New Figures Show Steady Drop in Stop and Searches across Borough

New monthly data shows a fall of over two thirds in last three years

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Stop and searches by the police in Hammersmith and Fulham have fallen by over two thirds in three years.

New data shows an almost constant decline over the past year in the use of the stop and search power, according to Metropolitan Police figures.

As the graph below illustrates, the number of searches in Hammersmith and Fulham fell from 876 in May 2014 to 358 in May this year.

Since January 2012 monthly stop-and-search levels have fallen by 68% across the city, while complaints have come down by two thirds.

The trend emerged as the government announced that from this week, all police forces in England and Wales will provide monthly data of searches at street level on the Police.UK website, alongside maps showing where the searches take place.

From 2014 the Met says it adopted the ‘Best Use of Stop and Search’ guidelines, applying the power in a more targeted and sensitive manner, which lead to fewer searches and a higher arrest rate.

This is in line with other London boroughs, and follows calls from the Home Secretary, Theresa May, for stop and search to become more effective and less-widely used.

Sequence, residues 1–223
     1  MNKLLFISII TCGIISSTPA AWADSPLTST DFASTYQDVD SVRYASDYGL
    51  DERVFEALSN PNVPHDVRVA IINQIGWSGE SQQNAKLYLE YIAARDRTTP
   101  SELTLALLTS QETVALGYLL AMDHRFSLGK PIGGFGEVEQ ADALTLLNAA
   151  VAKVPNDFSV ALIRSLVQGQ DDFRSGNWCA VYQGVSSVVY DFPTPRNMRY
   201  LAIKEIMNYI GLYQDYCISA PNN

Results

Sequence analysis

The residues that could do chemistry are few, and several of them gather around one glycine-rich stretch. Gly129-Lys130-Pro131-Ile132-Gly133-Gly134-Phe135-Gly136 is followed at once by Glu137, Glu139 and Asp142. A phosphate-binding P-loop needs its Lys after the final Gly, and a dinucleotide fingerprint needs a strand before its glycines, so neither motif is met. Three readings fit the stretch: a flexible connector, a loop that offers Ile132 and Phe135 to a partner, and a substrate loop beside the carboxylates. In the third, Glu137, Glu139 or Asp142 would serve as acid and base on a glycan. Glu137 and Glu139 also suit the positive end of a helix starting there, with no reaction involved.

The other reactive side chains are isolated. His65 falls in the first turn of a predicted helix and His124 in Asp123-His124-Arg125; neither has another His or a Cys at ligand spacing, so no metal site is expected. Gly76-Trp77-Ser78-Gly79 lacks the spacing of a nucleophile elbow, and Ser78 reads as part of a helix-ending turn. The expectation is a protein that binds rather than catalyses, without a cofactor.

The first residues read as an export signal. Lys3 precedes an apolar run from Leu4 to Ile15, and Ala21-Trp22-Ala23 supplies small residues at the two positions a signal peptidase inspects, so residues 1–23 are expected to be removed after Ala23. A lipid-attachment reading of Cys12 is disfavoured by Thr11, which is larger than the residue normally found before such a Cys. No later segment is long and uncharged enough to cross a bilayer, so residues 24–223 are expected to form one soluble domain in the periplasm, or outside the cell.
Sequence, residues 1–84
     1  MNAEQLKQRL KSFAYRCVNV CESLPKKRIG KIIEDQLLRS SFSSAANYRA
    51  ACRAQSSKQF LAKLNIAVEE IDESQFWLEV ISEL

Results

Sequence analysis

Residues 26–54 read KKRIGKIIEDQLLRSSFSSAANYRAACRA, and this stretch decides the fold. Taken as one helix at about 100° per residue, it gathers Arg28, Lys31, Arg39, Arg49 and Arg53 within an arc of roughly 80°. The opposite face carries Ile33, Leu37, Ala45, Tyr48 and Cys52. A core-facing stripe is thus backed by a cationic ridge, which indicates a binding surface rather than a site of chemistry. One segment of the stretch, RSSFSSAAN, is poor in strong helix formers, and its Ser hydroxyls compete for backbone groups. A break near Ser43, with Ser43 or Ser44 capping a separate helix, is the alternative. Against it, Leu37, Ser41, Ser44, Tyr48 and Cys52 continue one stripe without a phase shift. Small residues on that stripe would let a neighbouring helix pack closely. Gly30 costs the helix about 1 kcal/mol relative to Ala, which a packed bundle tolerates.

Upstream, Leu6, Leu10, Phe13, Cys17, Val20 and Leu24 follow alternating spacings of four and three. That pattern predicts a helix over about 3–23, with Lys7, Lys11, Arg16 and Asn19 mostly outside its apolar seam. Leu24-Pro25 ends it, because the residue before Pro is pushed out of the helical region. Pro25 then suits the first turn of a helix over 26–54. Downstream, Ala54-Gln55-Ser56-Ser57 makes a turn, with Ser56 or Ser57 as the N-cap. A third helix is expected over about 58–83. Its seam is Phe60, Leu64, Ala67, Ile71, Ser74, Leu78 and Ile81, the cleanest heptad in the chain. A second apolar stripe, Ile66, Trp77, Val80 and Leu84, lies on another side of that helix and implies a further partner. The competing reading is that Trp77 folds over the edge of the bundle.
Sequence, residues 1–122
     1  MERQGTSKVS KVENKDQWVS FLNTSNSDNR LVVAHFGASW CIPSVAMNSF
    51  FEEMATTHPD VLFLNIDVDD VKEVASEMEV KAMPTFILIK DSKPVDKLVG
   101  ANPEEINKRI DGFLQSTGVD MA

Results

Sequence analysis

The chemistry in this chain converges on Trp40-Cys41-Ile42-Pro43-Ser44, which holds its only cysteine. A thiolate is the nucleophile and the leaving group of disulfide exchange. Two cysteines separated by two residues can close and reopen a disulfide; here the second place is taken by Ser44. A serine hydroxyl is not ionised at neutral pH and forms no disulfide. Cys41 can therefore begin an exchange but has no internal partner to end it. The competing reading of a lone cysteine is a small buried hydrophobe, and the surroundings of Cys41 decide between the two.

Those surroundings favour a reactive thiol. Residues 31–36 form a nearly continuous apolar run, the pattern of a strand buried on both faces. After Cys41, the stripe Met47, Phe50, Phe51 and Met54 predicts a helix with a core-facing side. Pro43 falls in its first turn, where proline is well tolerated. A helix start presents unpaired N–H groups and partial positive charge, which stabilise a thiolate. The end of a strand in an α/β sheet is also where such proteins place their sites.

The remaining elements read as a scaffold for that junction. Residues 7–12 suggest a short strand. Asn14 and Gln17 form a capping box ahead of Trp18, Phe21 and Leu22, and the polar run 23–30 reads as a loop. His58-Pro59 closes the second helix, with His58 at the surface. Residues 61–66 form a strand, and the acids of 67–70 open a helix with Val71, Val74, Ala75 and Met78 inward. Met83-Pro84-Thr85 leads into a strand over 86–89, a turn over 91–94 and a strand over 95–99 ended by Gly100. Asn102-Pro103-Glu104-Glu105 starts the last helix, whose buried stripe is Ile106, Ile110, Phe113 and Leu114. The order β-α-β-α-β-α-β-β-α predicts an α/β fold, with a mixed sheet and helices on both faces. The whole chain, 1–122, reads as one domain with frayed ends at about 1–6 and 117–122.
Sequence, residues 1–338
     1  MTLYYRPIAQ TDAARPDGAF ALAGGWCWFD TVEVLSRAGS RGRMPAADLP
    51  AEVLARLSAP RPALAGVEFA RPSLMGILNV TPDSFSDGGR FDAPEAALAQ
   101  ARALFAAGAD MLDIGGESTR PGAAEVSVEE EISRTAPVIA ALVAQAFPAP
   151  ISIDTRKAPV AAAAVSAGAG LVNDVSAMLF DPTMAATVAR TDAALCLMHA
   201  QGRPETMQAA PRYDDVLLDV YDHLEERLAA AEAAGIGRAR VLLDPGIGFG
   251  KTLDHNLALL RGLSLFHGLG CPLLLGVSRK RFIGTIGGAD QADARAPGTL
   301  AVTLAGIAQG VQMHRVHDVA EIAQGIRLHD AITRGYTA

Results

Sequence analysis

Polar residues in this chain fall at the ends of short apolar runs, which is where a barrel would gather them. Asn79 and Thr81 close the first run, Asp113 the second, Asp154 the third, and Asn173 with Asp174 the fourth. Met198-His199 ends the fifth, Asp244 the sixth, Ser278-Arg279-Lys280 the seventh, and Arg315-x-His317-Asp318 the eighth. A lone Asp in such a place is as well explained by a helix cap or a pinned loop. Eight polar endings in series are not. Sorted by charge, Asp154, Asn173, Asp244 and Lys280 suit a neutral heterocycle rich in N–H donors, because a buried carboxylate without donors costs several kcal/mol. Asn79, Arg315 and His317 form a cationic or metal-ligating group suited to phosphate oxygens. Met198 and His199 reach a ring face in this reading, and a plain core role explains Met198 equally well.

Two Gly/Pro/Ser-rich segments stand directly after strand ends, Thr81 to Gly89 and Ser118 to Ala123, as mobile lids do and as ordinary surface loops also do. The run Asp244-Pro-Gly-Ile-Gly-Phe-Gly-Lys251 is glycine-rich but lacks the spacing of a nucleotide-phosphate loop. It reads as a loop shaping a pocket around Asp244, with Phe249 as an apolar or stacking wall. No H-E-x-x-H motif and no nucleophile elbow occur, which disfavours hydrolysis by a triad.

She said: “I have been clear that stop and search is an important police power, but, as with all sensitive powers, it must be properly targeted, based on reasonable grounds and accountable to citizens and communities.

“I have already introduced the ‘best use of stop and search scheme’ to bring greater accountability to the use of these powers and revised the police and criminal evidence code to make it clear what constitute reasonable grounds.

“ But, as I have always said, if the use of these powers does not become more targeted, and stop-to-arrests ratios do not improve, then I will bring in primary legislation to make it happen.”

Stop and search levels in Hammersmith and Fulham

The blue line shows month by month figures on stop and search

However, Met commissioner Sir Bernard Hogan-Howe recently warned that searches were likely to rise again following an increase in incidents of knife-crime, which were up 21% in the last year across London.

August 7, 2015